Outside Write

There isn’t a lot of football being played at the moment and holy crap do I miss it. That said, the Outside Write podcast and its back-catalogue has been helping me through my withdrawal. Really well put together, the podcast covers football stories and themes from across the world. From the former Yugoslavia to South America, they’ve got it covered.



This is the best show I’ve found in recent times. I’m halfway through the second series and I’m loving it. Violent and tense, this show has great characters that you invest in immediately. Well written and really well acted, this is one I’m on until the final scene. I adore it.

Better Call Saul

What can be said about this show that you haven’t already read? I was skeptical at first. Breaking Bad ended so well, there couldn’t be a need for this show, or so I thought. But after 5 series, I love it at least as much, if not more than the original. The dynamic between Saul and Kim makes them one of the great onscreen duos in TV history. There I said it. What a show.

Sunderland ‘Til I Die

I’m not a Sunderland fan and apart from a much loved game managing them on Football Manager 09, I’ve never cared about their results, but this show has hooked me big time. A look behind the scenes at a club that routinely shoots for the stars and lands on its face in the gutter. It’s as compelling as the dramas listed above. Wonderful.

That’s it for now. I’ll check in with new books, podcasts and TV recommendations periodically throughout the lockdown to try and share a few things that are keeping my brain ticking over.

Stay safe. Stay well. Stay home.


What You’ve Got

I don’t need to tell anyone how strange the world is these days. Things have changed significantly in the last few months and this outbreak will likely leave a mark on our society, economy and culture for many years to come.

Right now, we’re in lockdown in England. Confined to our homes and our only reasons to leave are for medical help, buying food or one short period of exercise. These are the most far-reaching measures imposed by a British government since the Blitz and even then, they probably go further.

But one thing I’m realising is that this time can actually be a positive. I’m into my second week of working from home now, the first was fraught. Bedding in technology and managing childcare. Social media and the news battered my senses. Come Friday, I wondered how I’d survive. But then something changed.

The way I look at it now, this is an opportunity. I have no commute. I have no office job. I work from home. We won’t get another chance to spend this amount of time together as a three. In time, we will be back at work and school, spending more time apart than together.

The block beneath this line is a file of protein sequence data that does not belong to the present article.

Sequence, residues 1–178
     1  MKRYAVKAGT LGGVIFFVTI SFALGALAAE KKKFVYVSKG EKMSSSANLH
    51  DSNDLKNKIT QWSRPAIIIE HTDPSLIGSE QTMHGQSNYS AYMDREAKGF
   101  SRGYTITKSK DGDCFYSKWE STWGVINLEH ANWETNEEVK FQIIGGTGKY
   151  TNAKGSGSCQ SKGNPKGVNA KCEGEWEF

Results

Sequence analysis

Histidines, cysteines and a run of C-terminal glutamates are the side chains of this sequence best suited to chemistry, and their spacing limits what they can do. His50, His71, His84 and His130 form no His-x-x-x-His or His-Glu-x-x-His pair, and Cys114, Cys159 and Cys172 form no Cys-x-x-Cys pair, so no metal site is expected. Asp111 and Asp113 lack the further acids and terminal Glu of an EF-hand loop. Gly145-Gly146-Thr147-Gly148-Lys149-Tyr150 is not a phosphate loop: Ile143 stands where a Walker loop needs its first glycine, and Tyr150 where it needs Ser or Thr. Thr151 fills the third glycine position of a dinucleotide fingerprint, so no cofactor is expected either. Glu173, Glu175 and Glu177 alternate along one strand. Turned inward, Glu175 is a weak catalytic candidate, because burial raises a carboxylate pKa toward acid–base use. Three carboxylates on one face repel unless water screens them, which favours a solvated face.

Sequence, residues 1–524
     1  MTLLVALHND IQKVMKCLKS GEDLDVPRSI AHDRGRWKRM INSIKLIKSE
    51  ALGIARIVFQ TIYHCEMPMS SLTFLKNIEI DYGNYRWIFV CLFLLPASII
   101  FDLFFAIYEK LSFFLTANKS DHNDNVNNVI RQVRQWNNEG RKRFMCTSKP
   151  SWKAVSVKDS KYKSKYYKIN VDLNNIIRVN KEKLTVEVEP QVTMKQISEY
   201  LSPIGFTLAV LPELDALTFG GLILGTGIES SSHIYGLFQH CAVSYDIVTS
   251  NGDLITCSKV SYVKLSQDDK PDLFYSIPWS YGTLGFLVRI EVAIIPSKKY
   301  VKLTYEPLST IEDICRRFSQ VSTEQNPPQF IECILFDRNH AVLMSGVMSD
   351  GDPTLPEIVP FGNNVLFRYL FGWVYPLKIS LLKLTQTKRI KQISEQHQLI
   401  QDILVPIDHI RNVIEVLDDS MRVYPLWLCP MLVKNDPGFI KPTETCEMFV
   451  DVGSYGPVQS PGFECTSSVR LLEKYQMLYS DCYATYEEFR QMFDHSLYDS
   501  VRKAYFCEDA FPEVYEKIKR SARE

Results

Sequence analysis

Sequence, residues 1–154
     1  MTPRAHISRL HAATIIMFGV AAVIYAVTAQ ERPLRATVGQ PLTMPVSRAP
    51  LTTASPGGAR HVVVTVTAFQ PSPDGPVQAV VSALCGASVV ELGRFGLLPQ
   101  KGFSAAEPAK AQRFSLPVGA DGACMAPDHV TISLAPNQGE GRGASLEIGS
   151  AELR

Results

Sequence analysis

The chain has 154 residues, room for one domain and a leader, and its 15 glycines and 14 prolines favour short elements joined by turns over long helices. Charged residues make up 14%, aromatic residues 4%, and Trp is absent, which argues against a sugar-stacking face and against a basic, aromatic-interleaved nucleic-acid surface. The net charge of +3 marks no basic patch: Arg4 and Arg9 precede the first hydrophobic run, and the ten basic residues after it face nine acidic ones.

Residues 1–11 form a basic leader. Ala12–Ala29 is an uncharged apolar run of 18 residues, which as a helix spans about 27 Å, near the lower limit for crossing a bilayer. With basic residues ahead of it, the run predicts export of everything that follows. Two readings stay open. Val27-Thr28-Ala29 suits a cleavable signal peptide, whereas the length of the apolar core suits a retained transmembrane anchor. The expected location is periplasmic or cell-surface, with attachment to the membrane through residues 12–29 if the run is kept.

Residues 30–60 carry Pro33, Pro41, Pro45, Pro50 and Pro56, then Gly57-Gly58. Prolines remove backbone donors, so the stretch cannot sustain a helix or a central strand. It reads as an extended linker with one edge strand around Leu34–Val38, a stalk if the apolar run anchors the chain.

These are some of the changes I’ve made to get the most out of this time. I hope that they can be of use to others too.

  • Exercise – make the most of the weather and the time. Where it’s safe to do so, go for a quick walk well away from others. Leave your phone behind and stretch the legs. I’ve been doing Joe Wicks’ PE Lessons via YouTube. He’s not my cup of tea as a person but his enthusiasm is infectious and the workouts leave you feeling good.
  • Step Away From The News – it’s tempting to scan the news every few minutes hoping to see something positive or in some perverse way, stay on top of the negative. All of the decisions have been made now. The world is this way for the foreseeable. Let that go. Check the news less. Twice a day, perhaps. But not first thing and then all day. That’ll just make you anxious.
  • Wind Back Social Media social media can be great but there are times it is the armpit of the world. For me, this is one of those times. Fake news. Moronic opinions. Inaccurate facts. Political agendas. They all make us feel worse. Step away from it. I’ve put a time limit on my social media apps and they shut me out after 30 mins a day. My mental health has improved immeasurably thanks to this.
  • Drop Your Phone Altogether – with no social media and no constant news, there’s not so much need to have a phone in your hand. I’ve come up with a replacement technique. Usually when bored, I’ll reach for my phone. Those 2 mins when the laptop boots up – phone. Waiting for the kettle to boil – phone. These last 2 weeks, I’ve subbed in a book and I’ve raced through two books in less than a fortnight. Again- my mental health is through the roof because of this.
  • Write – I usually write at work on my lunch hour. I write in the silent area of the library. I don’t like noise. Now my lunch hour has a small child shouting and my wife asking me questions. It’s different, but it isn’t bad. I’m staying positive and adapting to this new environment. After two weeks, I’m happy with my concentration levels and I’m back being as productive as ever before.
  • Find Something New – we live in an age of bountiful information and access, despite being at home. Maybe now is the time to carve out a niche for yourself. Learn a language? I’ve done over 365 consecutive days of learning German on Duolingo, for example. It keeps my brain in good nick. You would learn to play that dusty guitar sat in the spare room. Get the old PS2 out and play Resident Evil. Make a stop motion film on your phone with your kid’s PlayDo. Get back into Lego. Brew beer. Bake bread. The list is endless. You’ll have stuff in the house to do. Give it a shot.

This sounds like I’m preaching but I promise that I’m not. At times like this we can stay strong and come out better, or crumble and give in to anxiety and stress. I’m doing my best to rise up in this difficult time. I hope you all can too.

Stay safe. Stay well. Stay busy.